Then go to the tax office and pull property records on all addresses listed on the app. Make sure that the owner listed on the app is indeed the current (or previous) owner of the property.
One of the most common scams is to list a friend as a landlord. If you have cause to suspect this might have happened, then check the records to see if the friend has ever been evicted or arrested. You will wind up knowing a lot.
Second, go to the police station, and pull arrest records on them. This will usually be enlightening; many arrests never make it to court. So by looking at these records, you will learn if your applicant is troublesome.
Then, go to the credit bureau and pull their credit report. You can use this to determine whether they are a deadbeat or not. Bad credit is common among tenants; learn to decide WHICH KINDS of bad credit raise red flags.
For instance, I tend to ignore medical collections; it is expensive and if you are ill, you have to have the service. I don’t consider non payment of medical bills to necessarily indicate moral turpitude.
However, bad checks to grocery stores is a major red flag, and I routinely reject those who get jewelry store credit cards, run ’em up, then default. In my book, that is no different than theft.
Now, get on the phone. Call the present and previous landlords. Get references. Ask set questions; “Did they live there? Did they pay on time? Did you ever give them an eviction notice? Did they cause damage? Have there been any sanitation problems? Would you rent to them again?”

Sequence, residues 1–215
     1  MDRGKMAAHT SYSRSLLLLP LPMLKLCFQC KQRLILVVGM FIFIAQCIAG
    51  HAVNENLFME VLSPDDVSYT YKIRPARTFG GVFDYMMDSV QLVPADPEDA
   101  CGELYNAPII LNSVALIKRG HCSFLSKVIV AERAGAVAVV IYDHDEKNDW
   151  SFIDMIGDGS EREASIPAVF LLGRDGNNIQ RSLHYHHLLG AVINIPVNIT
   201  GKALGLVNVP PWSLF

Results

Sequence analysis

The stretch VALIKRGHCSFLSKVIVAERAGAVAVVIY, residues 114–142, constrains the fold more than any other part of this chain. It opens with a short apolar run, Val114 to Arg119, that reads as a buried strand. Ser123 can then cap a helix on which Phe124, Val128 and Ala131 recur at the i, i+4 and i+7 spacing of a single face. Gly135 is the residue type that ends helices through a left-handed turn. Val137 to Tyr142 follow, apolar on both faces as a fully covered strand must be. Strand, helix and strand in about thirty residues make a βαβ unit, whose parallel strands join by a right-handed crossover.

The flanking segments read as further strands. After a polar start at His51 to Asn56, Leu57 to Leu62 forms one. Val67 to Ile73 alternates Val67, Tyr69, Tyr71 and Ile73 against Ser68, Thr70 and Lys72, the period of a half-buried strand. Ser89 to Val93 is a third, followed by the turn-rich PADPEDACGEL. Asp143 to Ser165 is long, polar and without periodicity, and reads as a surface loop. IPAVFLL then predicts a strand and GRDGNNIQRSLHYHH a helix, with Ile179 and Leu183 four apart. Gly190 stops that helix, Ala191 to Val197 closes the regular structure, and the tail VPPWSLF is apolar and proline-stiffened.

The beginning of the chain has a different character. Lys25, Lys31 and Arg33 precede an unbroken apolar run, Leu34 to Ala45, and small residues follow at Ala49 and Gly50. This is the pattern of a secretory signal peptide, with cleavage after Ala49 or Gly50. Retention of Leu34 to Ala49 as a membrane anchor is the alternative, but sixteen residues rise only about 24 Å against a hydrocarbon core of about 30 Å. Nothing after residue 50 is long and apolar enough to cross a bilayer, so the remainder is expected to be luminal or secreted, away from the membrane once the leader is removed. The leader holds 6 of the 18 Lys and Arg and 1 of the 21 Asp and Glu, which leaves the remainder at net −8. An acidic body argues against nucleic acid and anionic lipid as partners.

Never forget the “would you rent to them again?” – often, your other questions don’t pick up something and that last one is your clue.
Call the employer. Do they really work there? Is the employer really an employer?
If anything makes you in the least bit suspicious, cross-reference their phone numbers. You can do this at Infospace, among other places.
When you are done with all this, you will know who you are dealing with. It won’t guarantee you that you will avoid a bad experience, but if you don’t do it you are certain to have some extremely bad experiences, and by doing this you will certainly filter out 99.9% of the bad guys.
A good screening service will do all of these things for you. If you are not set up to do it routinely, you will find it to be a terrible nuisance and will be inclined to take shortcuts. Shortcuts will cost you many thousands of dollars in evictions, lost rent, and repairs. So don’t take shortcuts.
I recommend using a local screening service rather than any of the so-called national companies. A good local service will maintain eviction, arrest, and property ownership records on site.
It should also keep complete records of everyone it has ever screened – so the second and third and fifteenth times it screens them it can see what they said the earlier times.
Many screening services keep records on landlords as well, so it knows who they all are (as best as it can know). So when you come to this local service, they have the data to quickly tell you what you need to know about the person, and all the previous landlords, and so forth.
Of course, they will also know who all the bad guys are. You can’t get this kind of data from the nationwide services; the country is too large and none of the nationwide services have the kind of comprehensive data that a local service can have.
Any good local screening service will have this kind of data – and some of it is only data that you get by running a screening service. This is the argument in favor of using a service rather than doing it yourself.
But ultimately it doesn’t matter, just so long as you do it.